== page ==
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Rockwool on roof sheathing

pbout | Posted in Green Building Techniques on

For a roof with exterior insulation on top of the sheathing, is it possible to use rockwool instead of rigid foam?

I was reading here about how mineral wool, as an an air permeable insulation, was not a good choice for inside of stem walls, as air can still contact the cold stem wall surface and condense. Would the same apply to roofs, avoid air permeable insulation on top of the deck, because condensation will still happen?

This is for a compact roof assembly in CZ3-coastal, zip 95060. Roof detail is attached.

Roxul sells products for roofs:, but based on what I read about condensing in the crawl space, I’m skeptical.

Links I am referencing:

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  1. GBA Editor
    Martin Holladay | | #1

    The brief answer is that you can substitute semi-rigid mineral wool panels for rigid foam in any roof assembly that requires rigid foam. The more extended answer is that while this approach is fairly common on flat commercial roofs, especially in Europe, it is almost never done on sloped roofs -- especially in North America. Because of this fact, you are unlikely to be able to locate a roofer who is willing to do it.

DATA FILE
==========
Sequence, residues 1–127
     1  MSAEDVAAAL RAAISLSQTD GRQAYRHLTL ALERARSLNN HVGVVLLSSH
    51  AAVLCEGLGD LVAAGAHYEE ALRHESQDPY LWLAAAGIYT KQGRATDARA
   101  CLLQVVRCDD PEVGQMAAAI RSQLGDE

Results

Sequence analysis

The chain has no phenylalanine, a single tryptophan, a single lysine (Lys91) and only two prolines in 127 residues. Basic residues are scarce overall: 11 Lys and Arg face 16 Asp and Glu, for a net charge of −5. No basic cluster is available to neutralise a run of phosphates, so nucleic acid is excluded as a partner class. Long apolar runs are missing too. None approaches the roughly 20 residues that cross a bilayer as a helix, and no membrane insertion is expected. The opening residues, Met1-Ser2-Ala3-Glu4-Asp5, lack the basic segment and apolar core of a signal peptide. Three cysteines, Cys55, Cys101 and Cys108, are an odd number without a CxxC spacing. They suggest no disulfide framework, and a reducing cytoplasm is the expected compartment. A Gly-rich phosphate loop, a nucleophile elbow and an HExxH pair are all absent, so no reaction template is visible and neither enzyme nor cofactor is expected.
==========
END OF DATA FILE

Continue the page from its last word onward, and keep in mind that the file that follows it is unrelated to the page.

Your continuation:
That said, building scientists who have experimented with this technique (including John Straube) say that it works.

    The air permeance of the mineral wool isn't much of an issue. However, if you are building an unvented roof assembly, you still need to follow the usual ratio rules -- you want enough continuous exterior insulation (in this case, semi-rigid mineral wool panels) to keep the lowest level of roof sheathing above the dew point during the winter.

  2. Justin_DeSilva | | #2

    Thanks Martin,
    I share the same question as Phil. I’m planning an exterior rigid insulation solution for walls and pitched roofing, and ideally would like to use the same rigid insulation for both. Presently I’m considering Rockwool Comfortboard 80.
    You mention a critical aspect regarding the dew point of an invented roof. Does this mean I would require 2 layers of Comfortboard 80 for an effective roofing system?

  3. GBA Editor
    Martin Holladay | | #3

    The "ratio rules" for the ratio of the R-value of the above-the-sheathing insulation to the R-value of the entire roof assembly are explained in these two articles:

    "How to Install Rigid Foam On Top of Roof Sheathing"

    "Combining Exterior Rigid Foam With Fluffy Insulation"

    Ideally, you'll specify mineral wool insulation that has an R-value that meets the ratio rules for rigid foam, as explained in these articles. Note that these ratios are climate-dependant -- the colder the climate, the more insulation you need above the roof sheathing.

  4. LaciB | | #4


    Can I put a thin layer of rockwool above the roof deck just to stop the thermal bridging if I use 7" of ccsf under the deck in Zone 5?

  5. A2HomeOwner | | #5

    I will be retrofitting a cathedral ceiling built in the early 1990s, and I am considering polyiso exterior to the rafters. Would a semi-rigid mineral wool “board” be a good alternative?